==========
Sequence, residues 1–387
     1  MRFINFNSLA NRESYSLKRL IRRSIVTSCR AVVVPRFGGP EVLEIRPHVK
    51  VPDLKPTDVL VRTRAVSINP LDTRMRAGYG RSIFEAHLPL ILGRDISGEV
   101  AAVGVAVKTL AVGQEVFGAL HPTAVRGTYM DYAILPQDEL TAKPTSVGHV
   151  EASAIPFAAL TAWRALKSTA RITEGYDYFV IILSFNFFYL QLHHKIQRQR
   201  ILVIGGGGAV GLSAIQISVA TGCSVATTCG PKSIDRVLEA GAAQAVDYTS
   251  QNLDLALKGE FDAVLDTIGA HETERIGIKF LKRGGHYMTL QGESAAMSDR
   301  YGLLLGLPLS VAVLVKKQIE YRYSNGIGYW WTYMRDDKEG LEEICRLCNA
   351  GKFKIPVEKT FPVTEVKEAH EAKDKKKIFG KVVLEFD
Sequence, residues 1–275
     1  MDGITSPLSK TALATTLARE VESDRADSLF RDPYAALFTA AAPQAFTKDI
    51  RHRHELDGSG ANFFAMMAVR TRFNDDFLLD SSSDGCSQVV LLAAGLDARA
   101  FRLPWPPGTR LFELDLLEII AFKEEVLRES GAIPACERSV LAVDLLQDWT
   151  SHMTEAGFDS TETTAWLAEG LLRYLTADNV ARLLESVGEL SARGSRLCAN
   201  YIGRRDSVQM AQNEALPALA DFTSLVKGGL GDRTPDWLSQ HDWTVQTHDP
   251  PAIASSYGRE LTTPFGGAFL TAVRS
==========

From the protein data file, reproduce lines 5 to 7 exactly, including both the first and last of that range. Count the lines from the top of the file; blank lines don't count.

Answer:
   151  EASAIPFAAL TAWRALKSTA RITEGYDYFV IILSFNFFYL QLHHKIQRQR
   201  ILVIGGGGAV GLSAIQISVA TGCSVATTCG PKSIDRVLEA GAAQAVDYTS
   251  QNLDLALKGE FDAVLDTIGA HETERIGIKF LKRGGHYMTL QGESAAMSDR